Christian Nationalist State Rep. Brandon Prichard Insists He’s Not a Christian Nationalist

North Dakota State Rep. Brandon Prichard went on a Christian nationalist posting spree on social media last week, declaring, among other things, that every member of Congress must “submit to the Gospel of Jesus Christ” and that “every conservative state should put into code that Jesus Christ is King and dedicate their state to Him.”

Prichard appeared on “The Todd Starnes Show” last Thursday to discuss his views and laughably insisted that he is not, in fact, a Christian nationalist.

“I believe that Christ and Christian values are at the center of our founding,” Prichard said. “At the Constitutional Convention, it was Benjamin Franklin that called for prayer, who probably was one of the most agnostic of them all.”

The claim that the United States is a Christian nation because Franklin called for prayer during the Constitutional Convention is a common argument made by Christian nationalists, who inevitably fail to mention that the delegates to the convention rejected Franklin’s suggestion.

“We need to have a firm foundation in Christ and Christian values,” Prichard continued. “I’m not saying that we have a state religion, but I’m saying that we have to have the values of Christianity based in our lawmaking.”

When Starnes asked Prichard how he would respond to someone accusing him of being a Christian nationalist, Prichard insisted that he is nothing of the sort.

“I don’t think we should have a national religion. I think that would be against our Constitution,” Prichard asserted. “What I am arguing for is actually something that has both a religious and secular purpose, which is that the morals of the Bible, of Jesus Christ, is something that our country was founded on, and then that should be put in the code, that should be put in the law, and that should be a benchmark for lawmakers around the country on the state and federal level. So, I think that it’s bizarre and I think it’s a cop out to say that I’m a Christian nationalist when all I’m saying is exactly what our Founding Fathers would have said, which is, ‘Our nation has to be built for a moral people and that morality is based on things like Christian morality.’”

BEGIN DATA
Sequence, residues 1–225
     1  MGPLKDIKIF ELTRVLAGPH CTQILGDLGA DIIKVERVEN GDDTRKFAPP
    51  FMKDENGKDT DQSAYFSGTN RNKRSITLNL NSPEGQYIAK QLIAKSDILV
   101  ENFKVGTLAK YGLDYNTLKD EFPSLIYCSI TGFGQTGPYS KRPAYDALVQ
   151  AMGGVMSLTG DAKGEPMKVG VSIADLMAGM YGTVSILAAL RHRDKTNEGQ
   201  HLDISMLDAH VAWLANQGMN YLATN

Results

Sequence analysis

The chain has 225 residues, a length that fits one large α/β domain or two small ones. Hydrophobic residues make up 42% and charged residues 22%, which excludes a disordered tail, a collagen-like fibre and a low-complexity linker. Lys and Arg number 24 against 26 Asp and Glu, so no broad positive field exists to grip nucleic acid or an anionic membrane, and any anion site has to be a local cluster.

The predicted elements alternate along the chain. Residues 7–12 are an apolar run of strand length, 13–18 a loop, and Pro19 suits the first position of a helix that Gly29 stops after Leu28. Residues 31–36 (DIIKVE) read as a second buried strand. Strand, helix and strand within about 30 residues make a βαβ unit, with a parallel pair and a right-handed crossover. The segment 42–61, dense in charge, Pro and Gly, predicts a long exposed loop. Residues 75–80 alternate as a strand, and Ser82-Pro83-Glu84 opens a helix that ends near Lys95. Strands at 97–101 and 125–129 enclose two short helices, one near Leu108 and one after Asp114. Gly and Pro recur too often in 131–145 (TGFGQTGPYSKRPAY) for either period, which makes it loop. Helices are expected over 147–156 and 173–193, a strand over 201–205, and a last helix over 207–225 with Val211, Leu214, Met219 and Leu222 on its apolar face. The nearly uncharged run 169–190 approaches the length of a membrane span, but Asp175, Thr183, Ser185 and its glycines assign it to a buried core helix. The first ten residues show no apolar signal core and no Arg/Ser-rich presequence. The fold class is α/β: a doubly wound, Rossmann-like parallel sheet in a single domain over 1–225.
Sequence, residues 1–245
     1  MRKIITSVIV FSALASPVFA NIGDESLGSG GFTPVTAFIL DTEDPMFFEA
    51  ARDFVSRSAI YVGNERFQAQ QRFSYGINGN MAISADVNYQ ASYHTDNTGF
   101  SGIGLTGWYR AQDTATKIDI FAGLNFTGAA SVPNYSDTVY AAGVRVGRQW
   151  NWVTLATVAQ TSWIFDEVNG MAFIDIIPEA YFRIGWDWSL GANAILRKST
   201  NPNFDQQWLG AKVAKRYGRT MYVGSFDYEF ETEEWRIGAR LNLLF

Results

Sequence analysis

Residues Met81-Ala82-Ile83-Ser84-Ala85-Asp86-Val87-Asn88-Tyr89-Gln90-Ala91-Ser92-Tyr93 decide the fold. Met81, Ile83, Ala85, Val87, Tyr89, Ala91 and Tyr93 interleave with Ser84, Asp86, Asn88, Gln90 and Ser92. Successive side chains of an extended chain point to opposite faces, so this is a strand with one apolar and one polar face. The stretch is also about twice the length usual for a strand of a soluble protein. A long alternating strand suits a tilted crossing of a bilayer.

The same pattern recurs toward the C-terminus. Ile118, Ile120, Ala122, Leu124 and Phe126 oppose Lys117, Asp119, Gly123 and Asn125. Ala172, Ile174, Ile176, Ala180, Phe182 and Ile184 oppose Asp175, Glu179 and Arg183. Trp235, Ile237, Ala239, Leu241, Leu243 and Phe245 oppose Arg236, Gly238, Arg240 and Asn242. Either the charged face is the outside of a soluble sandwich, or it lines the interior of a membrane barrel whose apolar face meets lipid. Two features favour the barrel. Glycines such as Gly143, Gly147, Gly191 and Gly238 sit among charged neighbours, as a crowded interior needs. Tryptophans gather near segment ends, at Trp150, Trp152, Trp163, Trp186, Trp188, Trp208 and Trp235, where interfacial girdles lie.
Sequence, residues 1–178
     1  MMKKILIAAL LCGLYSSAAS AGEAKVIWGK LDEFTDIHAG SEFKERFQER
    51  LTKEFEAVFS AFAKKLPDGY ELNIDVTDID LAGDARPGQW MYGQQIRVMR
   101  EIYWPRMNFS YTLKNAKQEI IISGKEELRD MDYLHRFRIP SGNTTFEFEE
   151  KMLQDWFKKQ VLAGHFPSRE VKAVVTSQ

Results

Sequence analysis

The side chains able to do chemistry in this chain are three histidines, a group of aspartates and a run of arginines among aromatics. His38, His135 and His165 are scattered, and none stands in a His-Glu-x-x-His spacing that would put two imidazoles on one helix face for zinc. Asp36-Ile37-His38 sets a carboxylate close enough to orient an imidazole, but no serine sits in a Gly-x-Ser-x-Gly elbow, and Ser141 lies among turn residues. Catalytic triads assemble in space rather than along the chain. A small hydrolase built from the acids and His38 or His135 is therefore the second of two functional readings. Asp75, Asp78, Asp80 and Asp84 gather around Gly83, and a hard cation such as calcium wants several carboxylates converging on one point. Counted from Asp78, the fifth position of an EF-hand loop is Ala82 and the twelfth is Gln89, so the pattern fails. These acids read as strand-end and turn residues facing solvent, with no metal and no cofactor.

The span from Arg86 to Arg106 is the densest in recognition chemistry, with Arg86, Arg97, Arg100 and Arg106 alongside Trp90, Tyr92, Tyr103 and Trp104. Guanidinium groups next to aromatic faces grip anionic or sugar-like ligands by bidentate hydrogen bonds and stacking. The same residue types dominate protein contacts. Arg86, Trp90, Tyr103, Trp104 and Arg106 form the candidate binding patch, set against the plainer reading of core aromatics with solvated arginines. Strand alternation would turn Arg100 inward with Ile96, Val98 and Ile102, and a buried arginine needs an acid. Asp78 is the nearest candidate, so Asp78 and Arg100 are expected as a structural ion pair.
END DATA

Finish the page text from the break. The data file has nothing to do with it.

It is hard to take seriously Prichard’s declaration that he is not a Christian nationalist when his explanation of what he wants to see—a nation in which “the morals of the Bible” are put into law and states “put into code that Jesus Christ is King”—is pretty much the textbook definition of Christian nationalism.

The Christian nationalism promoted by Prichard and others represents a very real danger to core constitutional values, as they are frequently used by politicians and political operatives to push for harmful public policies that will weaken the separation of church and state, undermine women’s rights, deny legal equality to LGBTQ Americans, and fundamentally reshape the Constitution.

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The post Christian Nationalist State Rep. Brandon Prichard Insists He’s Not a Christian Nationalist appeared first on Right Wing Watch.


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